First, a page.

If our chance at substance dependency and addiction were limited to our combinations of genetics, recovery would seem impossible. Why should we change when we are predisposed to having a problem?
While it is true that tendencies towards addiction and substance abuse are hereditary, there is so much more to the story than that. Your general environment, past and present, and your psychological health also bear responsibility towards your predilection to the disease. And, of course, they are all interrelated.
Our genetics can increase our chances of becoming addicted to a substance, such as alcohol or opiates. This does not mean that we will automatically become addicted or that we have no choice. Their addiction serves as a warning to us that the problem exists and we need to be aware not to fall into the trap.
The gene doesn’t cause us to crave alcohol or opiates specifically, we choose our poison. It is an innate psychological tendency towards dependent and repetitive behaviors in general. This is why addiction is considered a disease. This tendency isn’t something we chose, it is something we are born with.
The truth is that genes are only responsible for 50%, give or take, of a person’s dependency problem. That is a whole other 50% coming from outside sources, such as our environment and our emotional health.
Genetics or Environment?
A child who grew up in a home with someone dependent on drugs and/or alcohol learns different life-lessons than a child who comes from a home where drugs weren’t a problem. Those of us who come from childhood environments affected by alcohol addiction, for example, may not grow up with an understanding of how much alcohol is okay and how much is not.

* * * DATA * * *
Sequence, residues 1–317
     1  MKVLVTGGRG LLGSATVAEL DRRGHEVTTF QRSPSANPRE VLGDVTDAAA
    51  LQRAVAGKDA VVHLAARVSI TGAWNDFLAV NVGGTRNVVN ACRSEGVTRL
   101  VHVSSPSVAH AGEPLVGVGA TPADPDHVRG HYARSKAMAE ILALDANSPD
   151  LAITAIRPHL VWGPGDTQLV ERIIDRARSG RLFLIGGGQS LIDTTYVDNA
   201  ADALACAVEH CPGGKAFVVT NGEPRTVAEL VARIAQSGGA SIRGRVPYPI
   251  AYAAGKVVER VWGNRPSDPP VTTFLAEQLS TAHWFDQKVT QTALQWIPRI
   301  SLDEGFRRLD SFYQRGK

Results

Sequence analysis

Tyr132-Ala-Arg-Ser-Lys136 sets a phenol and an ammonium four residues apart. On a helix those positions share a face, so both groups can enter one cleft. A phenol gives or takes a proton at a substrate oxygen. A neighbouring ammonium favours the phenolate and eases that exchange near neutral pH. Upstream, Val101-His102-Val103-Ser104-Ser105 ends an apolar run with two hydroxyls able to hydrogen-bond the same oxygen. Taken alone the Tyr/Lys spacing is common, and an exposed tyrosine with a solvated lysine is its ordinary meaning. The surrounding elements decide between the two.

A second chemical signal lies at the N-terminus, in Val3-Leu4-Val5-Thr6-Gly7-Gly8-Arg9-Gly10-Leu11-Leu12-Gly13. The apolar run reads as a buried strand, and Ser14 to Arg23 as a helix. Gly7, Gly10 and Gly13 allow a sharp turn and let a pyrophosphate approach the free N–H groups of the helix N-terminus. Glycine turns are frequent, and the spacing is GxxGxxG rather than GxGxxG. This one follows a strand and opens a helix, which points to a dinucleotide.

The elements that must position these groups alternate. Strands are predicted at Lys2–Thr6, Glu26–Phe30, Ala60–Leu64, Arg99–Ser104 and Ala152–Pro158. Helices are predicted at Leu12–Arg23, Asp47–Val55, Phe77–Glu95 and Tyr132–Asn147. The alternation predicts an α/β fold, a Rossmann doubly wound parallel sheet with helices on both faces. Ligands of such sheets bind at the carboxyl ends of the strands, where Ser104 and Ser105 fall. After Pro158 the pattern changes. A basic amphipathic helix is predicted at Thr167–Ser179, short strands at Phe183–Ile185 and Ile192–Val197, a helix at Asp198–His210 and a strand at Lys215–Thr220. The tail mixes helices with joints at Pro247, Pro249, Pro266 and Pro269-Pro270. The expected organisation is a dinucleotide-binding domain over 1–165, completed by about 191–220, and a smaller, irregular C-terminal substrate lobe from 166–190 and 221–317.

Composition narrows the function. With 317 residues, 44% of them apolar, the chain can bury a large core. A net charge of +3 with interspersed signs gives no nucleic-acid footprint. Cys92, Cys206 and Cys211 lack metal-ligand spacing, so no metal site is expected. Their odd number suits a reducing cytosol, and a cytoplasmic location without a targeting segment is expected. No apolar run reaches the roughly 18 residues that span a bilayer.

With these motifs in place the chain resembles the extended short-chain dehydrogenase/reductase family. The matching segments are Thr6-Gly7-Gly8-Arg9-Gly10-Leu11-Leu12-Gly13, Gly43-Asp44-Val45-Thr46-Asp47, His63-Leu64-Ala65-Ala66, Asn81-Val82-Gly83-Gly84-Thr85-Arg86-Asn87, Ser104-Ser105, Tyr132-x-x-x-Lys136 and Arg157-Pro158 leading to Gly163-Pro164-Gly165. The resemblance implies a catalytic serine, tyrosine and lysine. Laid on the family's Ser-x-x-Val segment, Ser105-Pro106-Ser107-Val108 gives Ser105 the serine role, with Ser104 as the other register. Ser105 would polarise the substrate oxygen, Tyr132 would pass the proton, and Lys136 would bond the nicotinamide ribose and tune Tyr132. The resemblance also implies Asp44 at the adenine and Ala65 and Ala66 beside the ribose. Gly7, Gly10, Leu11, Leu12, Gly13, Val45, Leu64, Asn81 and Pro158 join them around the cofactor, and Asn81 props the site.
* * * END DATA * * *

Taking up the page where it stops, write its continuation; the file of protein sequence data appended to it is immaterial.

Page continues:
The way we think about ourselves and the world are formed by our environment as children. Many of us spend a long time as adults healing from our childhoods. But your current environment affects you just as much.
What are your current family dynamics? Do you have roommates who overindulge? Do you spend a significant amount of time with someone who may still have an addiction problem? Are there triggers in your own home that remind you of using?
Triggering is a quick heightened sense of anxiety that can temporarily weaken your resolve. Anything can be triggering. A certain person, a specific room in your home, or an entire town may be triggering. A special cup, a certain outfit, or even something simple, such as a dollar bill, can hold tremendous power over someone who is trying to say no.
A person who has suffered trauma will show evidence of this in their behavior and in their decision-making. That is, unfortunately, how humans work. That doesn’t mean that all of our decisions will automatically be bad.
Many of our decisions are made from places of strength and others from places of fear. They are a reflection of what we have learned about the world and about ourselves through the lens of trauma and experience.
Trauma can cause low self-esteem, loneliness, and depression, which all exacerbate addiction and further decrease our ability to make the best decisions for ourselves. Our genes may make using more appealing, but our environment and psychological state are what guide our hands.
So, if you or a loved one are suffering from a painful addiction, know that you are not doomed to suffer from substance abuse just because your ancestors did. There are effective and powerful ways to attack the problem from different directions.
First Steps Recovery in Fresno California is a premier addiction treatment center dedicated to your entire recovery. Contact us online or call us anytime at 844-489-0836. We are here when you are ready to take that first step.